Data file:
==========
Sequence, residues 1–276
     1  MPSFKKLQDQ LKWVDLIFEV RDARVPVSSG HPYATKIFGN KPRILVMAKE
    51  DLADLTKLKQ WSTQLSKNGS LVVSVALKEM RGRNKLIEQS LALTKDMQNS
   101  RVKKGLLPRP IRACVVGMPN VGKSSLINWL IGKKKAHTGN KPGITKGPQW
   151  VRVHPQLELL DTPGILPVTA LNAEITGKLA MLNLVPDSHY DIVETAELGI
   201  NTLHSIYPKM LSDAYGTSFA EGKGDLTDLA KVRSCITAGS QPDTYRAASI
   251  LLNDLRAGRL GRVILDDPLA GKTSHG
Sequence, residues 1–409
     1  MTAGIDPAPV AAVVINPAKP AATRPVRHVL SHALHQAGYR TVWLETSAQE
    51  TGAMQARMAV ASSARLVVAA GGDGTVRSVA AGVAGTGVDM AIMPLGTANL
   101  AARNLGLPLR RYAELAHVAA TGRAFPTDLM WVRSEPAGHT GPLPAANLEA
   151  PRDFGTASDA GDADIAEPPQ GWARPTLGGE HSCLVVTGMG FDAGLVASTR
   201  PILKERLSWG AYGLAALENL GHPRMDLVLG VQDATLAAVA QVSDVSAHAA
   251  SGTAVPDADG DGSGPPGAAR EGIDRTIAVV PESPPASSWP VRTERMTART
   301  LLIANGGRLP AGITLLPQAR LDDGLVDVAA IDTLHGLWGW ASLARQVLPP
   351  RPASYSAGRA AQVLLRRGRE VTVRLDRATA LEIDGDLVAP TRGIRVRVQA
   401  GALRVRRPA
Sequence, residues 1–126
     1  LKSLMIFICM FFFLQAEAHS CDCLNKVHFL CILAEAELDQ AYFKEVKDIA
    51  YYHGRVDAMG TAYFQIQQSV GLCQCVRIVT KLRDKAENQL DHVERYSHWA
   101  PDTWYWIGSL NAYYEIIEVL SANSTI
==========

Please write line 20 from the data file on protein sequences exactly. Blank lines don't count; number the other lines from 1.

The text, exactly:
    51  YYHGRVDAMG TAYFQIQQSV GLCQCVRIVT KLRDKAENQL DHVERYSHWA